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Wednesday, 29 January 2014

Comments

As one of the Beatles generation, names like Led Zeppelin and Cream, resonate in the same way that modern bands are hailed by teenagers but are totally unknown to me. I think they all must have happened when I dozed off one afternoon in the early seventies and woke up late the next day. It is not a ignorance of which I boast but it does puzzle me as to how I missed them. Incidentally I did see the Beatles perform at what was then the Hammersmith Odeon. I only saw them as the noise from screaming girls drowned out their music.

Hmmm, I already have a two disk Led Zep set from 1990 titled 'Remasters'.

Remastering is not necessarily a good thing. Like HDR or excessive sharpening in digital photography, the 'improvements' may please only some, and be execrable to others.

'Remastering' is an old marketing game, present since the introduction of digital music in the form of CDs. Frequently, it is just a pretext for compressing dynamic range and increasing loudness, to the detriment of fine detail in the music and the mood created by having a mix of soft and loud passages.

With contemporary modes of distribution of music such as mp3s, Spotify and other streaming music, and the like, the temptation to pump up the volume to increase the wow factor of classic rock music for newer, younger listeners is very great indeed.

I will remain skeptical, at least until I hear these new Led Zep remasters.

Thank you for introducing me to her music-- I'd not heard of her-- there are too many great musicians and artists out there---I'd spend all my waking hours if I followed more than one or two. But you've got me in.... My somewhat weird collection, (your older readers will identify) includes Canned Heat, Pink Floyd, (of course) Deep Purple, Emmerson Lake and Palmer, but now I get off on Youtube with BIG headphones and full screen, with artists like Valentina Lisitsa (pianist extraordinaire) . Who have thunk we'd be in paradise with our choice now, only twenty years ago.... Thank you for alerting me to Imogen. And now we're about to be assailed by the GREATEST OF THE LOT at Hanging Rock, Victoria, Australia..... drum roll..... deep voice.... The Rolling Stones!!!! I live not far away, and will be taking more than a few pix.... Bruce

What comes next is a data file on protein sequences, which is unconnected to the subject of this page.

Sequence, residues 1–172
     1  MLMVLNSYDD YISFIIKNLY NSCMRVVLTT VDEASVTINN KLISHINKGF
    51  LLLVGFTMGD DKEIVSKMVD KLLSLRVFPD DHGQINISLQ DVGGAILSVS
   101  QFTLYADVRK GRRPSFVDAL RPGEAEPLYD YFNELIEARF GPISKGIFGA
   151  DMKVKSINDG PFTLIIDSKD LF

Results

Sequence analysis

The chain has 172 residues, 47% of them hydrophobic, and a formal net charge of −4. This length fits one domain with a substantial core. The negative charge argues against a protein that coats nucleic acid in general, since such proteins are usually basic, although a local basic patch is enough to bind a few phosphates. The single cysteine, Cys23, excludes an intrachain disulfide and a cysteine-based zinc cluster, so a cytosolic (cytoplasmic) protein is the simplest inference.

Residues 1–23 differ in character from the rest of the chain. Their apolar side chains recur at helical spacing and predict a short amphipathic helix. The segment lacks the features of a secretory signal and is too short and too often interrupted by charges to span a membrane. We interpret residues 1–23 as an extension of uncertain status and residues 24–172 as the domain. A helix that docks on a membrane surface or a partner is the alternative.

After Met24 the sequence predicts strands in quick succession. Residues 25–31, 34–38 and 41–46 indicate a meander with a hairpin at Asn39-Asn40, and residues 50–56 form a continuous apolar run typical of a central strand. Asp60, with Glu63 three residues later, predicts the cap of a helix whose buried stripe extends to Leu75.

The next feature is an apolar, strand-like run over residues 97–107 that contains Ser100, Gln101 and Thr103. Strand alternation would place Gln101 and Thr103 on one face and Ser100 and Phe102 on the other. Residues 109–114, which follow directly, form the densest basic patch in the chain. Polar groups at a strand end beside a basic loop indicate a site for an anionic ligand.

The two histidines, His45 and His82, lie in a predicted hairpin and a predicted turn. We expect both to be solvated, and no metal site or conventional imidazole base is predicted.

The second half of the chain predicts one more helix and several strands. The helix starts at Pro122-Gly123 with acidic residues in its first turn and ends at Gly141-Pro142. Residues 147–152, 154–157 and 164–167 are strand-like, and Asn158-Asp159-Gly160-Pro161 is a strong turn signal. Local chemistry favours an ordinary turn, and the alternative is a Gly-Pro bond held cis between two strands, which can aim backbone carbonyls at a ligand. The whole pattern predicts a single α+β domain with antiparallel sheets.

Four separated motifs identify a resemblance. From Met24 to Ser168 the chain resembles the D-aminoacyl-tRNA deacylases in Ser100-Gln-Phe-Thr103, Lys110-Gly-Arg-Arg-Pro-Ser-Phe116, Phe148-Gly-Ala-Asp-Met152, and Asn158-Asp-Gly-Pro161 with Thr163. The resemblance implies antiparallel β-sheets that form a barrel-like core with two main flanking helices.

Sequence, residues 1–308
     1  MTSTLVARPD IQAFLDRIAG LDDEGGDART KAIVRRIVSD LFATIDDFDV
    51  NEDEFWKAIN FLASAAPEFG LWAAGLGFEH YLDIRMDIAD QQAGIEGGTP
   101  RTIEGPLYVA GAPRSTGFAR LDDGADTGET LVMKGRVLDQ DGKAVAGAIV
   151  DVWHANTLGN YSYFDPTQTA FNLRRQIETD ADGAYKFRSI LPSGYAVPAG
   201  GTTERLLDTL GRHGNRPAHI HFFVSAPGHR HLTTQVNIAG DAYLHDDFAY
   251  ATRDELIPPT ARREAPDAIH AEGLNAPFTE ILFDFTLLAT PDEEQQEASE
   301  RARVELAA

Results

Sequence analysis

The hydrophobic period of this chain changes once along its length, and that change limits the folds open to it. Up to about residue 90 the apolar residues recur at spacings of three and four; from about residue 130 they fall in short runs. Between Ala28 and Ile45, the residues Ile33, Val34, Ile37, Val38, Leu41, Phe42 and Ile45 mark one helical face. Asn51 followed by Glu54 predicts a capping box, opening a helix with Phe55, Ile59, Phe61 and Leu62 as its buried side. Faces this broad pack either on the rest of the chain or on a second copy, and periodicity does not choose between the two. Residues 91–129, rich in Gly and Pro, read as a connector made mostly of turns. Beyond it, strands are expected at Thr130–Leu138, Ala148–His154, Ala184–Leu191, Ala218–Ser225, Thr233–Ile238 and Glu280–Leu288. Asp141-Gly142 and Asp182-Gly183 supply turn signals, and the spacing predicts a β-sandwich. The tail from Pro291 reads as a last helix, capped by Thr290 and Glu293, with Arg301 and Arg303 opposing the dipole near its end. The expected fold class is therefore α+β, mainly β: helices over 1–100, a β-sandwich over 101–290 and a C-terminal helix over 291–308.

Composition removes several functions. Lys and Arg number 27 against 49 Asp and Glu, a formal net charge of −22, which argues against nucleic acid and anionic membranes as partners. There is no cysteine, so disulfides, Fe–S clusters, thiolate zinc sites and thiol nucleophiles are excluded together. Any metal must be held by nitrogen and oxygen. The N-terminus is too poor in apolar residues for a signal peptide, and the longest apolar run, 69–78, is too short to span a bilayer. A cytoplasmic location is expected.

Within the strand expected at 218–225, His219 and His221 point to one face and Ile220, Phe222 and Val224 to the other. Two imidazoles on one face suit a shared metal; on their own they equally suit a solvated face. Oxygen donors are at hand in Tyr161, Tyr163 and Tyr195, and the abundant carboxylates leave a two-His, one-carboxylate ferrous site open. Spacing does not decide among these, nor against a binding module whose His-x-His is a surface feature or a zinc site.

Mike, time spent listening to Led Zeppelin was not misspent - to the contrary, it would seem that you had an excellent year (and youth). Bear.

IH piece you linked to reminds me of the formidable skills of Juana Molina whom I discovered on RadioLab a few years ago:
http://www.radiolab.org/story/91903-juana-molina/

You can mention Ms. Heap as many times as you like, Mike. I'd never heard of her (some of us are slow to catch on), so you've done me, at least, a huge favour. She's amazing.

The first time I heard Led Zep was as a teen. I was ushered into the bedroom of the extended families goodie goodie, sat down to listen to this new band and told to keep my mouth shut about said goodie goodie shooting up heroin. The weekend visit got even weirder as time went on.

Blimey. Somebody else who likes both On The Beach AND Appartment Life. AND photography!!!

but then I'm self educated, which makes me an "ignoramus visited with arrogance."

As someone self-educated in several fields I greeted your quotation with laughter and rueful self-recognition.

The Oxford Book of Quotations, Google, and Ambrose Bierce's The Devil's Dictionary all failed to give me a source. O.K. Mike, who are you quoting?

[Myself! (g) From an old essay on autodidacts. Glad you appreciated the humor, as that's how it's intended. --Mike]

Really good performance with Beck and Heap. Beck is quite masterful at complementing her vocals. And I've added Imogen Heap to my listening que, thanks for that (finally upgraded my amplifier and I've been in music bliss for the last few days).